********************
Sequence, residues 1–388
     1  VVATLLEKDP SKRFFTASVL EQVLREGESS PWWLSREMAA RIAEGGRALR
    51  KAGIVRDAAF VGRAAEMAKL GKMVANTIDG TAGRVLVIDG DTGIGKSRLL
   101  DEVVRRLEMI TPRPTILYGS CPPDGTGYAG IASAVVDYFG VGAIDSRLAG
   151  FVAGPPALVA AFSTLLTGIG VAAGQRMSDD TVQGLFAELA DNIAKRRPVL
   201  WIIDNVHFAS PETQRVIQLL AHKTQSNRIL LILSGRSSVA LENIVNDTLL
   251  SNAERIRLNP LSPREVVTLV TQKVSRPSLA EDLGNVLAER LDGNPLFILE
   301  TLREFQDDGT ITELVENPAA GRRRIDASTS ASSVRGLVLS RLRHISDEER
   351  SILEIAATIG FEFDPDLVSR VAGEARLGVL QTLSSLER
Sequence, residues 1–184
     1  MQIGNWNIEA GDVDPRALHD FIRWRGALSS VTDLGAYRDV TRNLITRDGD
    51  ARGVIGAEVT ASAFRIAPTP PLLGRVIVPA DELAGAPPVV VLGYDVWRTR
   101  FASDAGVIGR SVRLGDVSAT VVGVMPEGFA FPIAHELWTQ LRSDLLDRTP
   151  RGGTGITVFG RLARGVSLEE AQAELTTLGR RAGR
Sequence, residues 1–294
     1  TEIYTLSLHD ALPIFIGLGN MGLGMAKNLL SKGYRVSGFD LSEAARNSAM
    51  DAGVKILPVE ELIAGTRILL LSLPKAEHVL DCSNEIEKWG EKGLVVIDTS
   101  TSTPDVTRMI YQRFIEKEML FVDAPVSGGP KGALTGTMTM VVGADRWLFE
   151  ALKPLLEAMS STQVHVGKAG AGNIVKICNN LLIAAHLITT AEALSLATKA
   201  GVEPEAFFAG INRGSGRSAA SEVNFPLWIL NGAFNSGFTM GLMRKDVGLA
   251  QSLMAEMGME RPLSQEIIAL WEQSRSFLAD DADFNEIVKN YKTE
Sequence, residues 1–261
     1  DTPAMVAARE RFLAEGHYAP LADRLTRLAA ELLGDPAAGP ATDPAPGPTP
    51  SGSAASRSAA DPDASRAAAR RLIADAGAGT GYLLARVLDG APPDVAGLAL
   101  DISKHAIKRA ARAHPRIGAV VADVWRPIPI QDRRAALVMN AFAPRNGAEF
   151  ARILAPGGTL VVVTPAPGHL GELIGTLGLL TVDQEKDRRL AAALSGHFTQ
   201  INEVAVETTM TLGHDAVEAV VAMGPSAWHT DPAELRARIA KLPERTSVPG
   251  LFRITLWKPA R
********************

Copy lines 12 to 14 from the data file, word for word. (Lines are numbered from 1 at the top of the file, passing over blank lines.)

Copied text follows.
    51  ARGVIGAEVT ASAFRIAPTP PLLGRVIVPA DELAGAPPVV VLGYDVWRTR
   101  FASDAGVIGR SVRLGDVSAT VVGVMPEGFA FPIAHELWTQ LRSDLLDRTP
   151  RGGTGITVFG RLARGVSLEE AQAELTTLGR RAGR